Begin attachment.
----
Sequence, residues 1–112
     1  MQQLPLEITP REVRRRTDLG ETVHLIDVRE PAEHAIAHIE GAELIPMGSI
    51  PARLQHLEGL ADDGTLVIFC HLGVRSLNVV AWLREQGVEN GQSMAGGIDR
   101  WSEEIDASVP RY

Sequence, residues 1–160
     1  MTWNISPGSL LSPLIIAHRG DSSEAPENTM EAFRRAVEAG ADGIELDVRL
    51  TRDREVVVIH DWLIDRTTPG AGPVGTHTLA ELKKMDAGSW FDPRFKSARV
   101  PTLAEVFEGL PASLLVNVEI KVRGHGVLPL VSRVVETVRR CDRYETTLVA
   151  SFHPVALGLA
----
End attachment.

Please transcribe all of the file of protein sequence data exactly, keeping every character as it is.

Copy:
Sequence, residues 1–112
     1  MQQLPLEITP REVRRRTDLG ETVHLIDVRE PAEHAIAHIE GAELIPMGSI
    51  PARLQHLEGL ADDGTLVIFC HLGVRSLNVV AWLREQGVEN GQSMAGGIDR
   101  WSEEIDASVP RY

Sequence, residues 1–160
     1  MTWNISPGSL LSPLIIAHRG DSSEAPENTM EAFRRAVEAG ADGIELDVRL
    51  TRDREVVVIH DWLIDRTTPG AGPVGTHTLA ELKKMDAGSW FDPRFKSARV
   101  PTLAEVFEGL PASLLVNVEI KVRGHGVLPL VSRVVETVRR CDRYETTLVA
   151  SFHPVALGLA